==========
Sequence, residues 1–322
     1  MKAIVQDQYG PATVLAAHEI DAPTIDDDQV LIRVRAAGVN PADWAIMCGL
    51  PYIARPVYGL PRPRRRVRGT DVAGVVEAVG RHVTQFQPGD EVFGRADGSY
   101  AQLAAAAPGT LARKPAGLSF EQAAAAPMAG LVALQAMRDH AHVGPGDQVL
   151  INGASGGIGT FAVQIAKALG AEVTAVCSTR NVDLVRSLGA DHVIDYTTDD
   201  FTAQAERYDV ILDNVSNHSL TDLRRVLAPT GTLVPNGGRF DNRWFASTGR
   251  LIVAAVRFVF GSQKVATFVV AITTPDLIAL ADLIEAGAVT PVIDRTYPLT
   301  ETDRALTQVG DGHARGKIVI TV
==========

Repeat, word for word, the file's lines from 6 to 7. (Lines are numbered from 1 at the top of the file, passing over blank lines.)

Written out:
   201  FTAQAERYDV ILDNVSNHSL TDLRRVLAPT GTLVPNGGRF DNRWFASTGR
   251  LIVAAVRFVF GSQKVATFVV AITTPDLIAL ADLIEAGAVT PVIDRTYPLT